“A historical epic of America’s founding” is very accurate in describing this exceptionally good graphic novel with it’s window into the Revolutionary War era based in the NE corner of our new nation in the late 1700’s.
Divided into six chapters, author Brian Wood first gives us a lengthy portrait of the fictional character Seth Abbott and his journey from farm boy to one of the well respected leaders of the Green Mountain Boys. Then we are given shorter non-linear vignettes of other loyalists and patriots and their contributions to the war.
A Well-Regulated Militia
We first meet Seth in 1768 as a boy with a gruff father in the New Hampshire (later to become Vermont) wilderness, eking out a homestead. English soldiers in the region are hated by the settlers, who are there under the New Hampshire grants. Skipping ahead to 1775, seventeen year old Seth marries teen-aged Mercy after her father is forced off his land by the redcoats. The young couple establish their own household, but local Ethan Allen easily convinces him to join his militia regiment. At first fighting for their region’s independence, he then is willing to fight for the entire colonies’ independence. He ends up being away from his wife for seven years, and while certainly in danger during battles, Seth views his time with the militia as a grand adventure with his best friend Ezekiel, a fellow soldier. In 1783 Seth finally comes home to Mercy discovering a son, as he had been unaware his wife was pregnant when he left.
This narrative was a fascinating look into an average farmer’s life and the threats they faced from the British and the local Loyalists. The battles that Seth participated in and the living conditions of the soldiers were shown in detail, and you could feel the backbreaking labor and fear they lived with. It also showed a nuanced view of the women left behind, as Mercy suffered just as much while being forced to fend for herself in an unforgiving wilderness.
Goodwife, Follower, Patriot, Republican
Ever hear of the iconic folklore story of Molly Pitcher who stepped into battle to keep the canon shooting when her husband was shot? This story focuses on fictional Sarah Hull who in 1777 was the Battle of Saratoga’s “Molly Pitcher”. In later years her dying husband makes a plea for the government to give her a soldier’s pension for the work she provided. How her effort is disregarded by the representatives ties in with how sometimes women of today are also treated with indifference for their invaluable contributions.
Silence Bright, a young woman of mixed race, is caught printing and distributing leaflets in Boston that criticize the British in 1768. Thrown into Newgate Prison she is unbowed and the awesome quotes that I shall take to heart- “beware the bookish woman” and “hold fast” are used as she defiantly refuses to submit.
In 1775 we are given a brief glimpse of Seth Abbott again in NYC as he holed up in an attic with free black Clayton Freeman. Seth can not understand why Clayton is a Loyalist, and fighting for a corrupt regime for he tries to convince Clayton that he should be fighting for the freedom of the colonies. What he doesn’t understand is that “freedom” will not come for all, and that many blacks made the hard choice of fighting for the Crown that promised them freedom and passage away from the colonies. This vignette made me think of our current president, especially with the quote “…how were the lies of King George (Trump) at all appealing? Was there something we were missing?”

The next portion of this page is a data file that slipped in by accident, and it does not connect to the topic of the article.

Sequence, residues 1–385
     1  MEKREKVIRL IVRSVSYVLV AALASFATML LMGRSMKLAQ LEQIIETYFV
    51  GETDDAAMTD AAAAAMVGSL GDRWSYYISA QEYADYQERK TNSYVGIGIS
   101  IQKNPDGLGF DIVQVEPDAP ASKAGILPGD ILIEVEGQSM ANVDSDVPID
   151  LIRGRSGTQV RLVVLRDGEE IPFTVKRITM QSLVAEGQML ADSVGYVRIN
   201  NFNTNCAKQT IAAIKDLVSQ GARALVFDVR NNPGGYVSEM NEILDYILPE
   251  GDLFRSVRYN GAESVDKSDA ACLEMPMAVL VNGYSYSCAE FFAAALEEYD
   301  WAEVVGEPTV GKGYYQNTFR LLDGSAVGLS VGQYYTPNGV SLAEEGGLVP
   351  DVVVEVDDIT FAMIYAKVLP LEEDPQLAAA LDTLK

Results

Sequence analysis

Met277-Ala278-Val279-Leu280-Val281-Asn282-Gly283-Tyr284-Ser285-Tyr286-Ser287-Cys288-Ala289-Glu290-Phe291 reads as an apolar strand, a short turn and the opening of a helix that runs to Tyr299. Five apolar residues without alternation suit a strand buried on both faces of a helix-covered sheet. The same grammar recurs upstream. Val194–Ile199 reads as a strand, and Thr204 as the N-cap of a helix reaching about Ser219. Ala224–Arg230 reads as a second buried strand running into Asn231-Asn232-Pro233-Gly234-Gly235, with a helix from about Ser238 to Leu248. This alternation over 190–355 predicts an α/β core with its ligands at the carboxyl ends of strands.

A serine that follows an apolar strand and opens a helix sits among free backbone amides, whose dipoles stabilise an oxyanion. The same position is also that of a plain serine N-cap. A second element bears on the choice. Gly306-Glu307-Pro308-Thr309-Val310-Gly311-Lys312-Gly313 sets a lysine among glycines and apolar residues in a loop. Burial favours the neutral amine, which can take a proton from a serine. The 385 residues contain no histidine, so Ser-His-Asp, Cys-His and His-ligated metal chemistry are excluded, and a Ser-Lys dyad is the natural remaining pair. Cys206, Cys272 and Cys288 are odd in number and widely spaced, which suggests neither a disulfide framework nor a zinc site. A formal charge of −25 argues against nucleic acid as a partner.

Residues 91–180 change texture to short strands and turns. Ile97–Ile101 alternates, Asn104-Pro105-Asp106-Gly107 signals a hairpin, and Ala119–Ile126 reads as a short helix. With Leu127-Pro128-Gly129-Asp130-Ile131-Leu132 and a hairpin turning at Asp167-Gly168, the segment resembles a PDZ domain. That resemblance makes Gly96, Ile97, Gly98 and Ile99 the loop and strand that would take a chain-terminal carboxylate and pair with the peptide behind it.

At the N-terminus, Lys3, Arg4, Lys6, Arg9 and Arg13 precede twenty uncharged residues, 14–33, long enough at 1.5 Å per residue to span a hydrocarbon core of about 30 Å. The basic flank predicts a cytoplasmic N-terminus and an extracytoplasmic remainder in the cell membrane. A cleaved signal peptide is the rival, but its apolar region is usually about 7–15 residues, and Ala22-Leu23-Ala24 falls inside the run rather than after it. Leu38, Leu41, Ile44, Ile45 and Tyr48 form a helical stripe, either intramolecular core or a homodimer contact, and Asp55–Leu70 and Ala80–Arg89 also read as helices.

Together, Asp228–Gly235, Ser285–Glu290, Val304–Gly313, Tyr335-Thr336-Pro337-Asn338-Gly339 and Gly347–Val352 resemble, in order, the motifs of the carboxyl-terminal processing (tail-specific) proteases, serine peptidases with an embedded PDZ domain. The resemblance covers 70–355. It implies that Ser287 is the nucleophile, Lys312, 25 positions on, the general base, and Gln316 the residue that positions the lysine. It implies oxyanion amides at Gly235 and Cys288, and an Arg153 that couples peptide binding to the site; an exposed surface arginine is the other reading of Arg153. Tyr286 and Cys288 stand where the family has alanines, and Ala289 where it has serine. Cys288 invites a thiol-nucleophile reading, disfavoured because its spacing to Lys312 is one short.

A young Shawnee brave, Stone Hoof, helps soldiers build Fort Stalwart in the Ohio River Valley in 1750 and befriends Will Henderson. As his tribe are migrants, he is in and out of the region over the years until 1757 when his tribe attacks the fort, as they have aligned with the French who are fighting the British for this territory. As both he and Henderson survive the battle, they meet for one last time, and each try to understand why the other believes what they do.
In 1769 a young man in a London is given a choice- go to prison or head to the colonies as a British soldier. He clings to his idealism and loyalty to the Crown as he miserably slogs through battle after battle. He meets an ignoble end by a Green Mountain Boy at the Battle of Kings Mountain in 1780, never having achieved a rank higher than a lowly private, and for what- glory?
The artwork throughout all the stories is superb. Several artists contributed to the six stories, and all convey an authentic feel to this era and region. The grittiness of wilderness living and the gore of war are shown in a realistic manner, with coloring that is evocative and helps convey the story even more effectively. I want to give a special shout out to artist Tula Lotay, who created each chapter’s cover art. Each page she creates is a beautiful homage to the coming story. In addition the extras at the end give some insight to the making of the book with some great essays by the author and some of the artists.
With this book, plus his outstanding Briggs Land, Wood has vaulted onto the list of my top ten favorite authors of graphic novels! I will absolutely be checking out Wood’s Viking saga Northlanders and will pick up all future work in this series.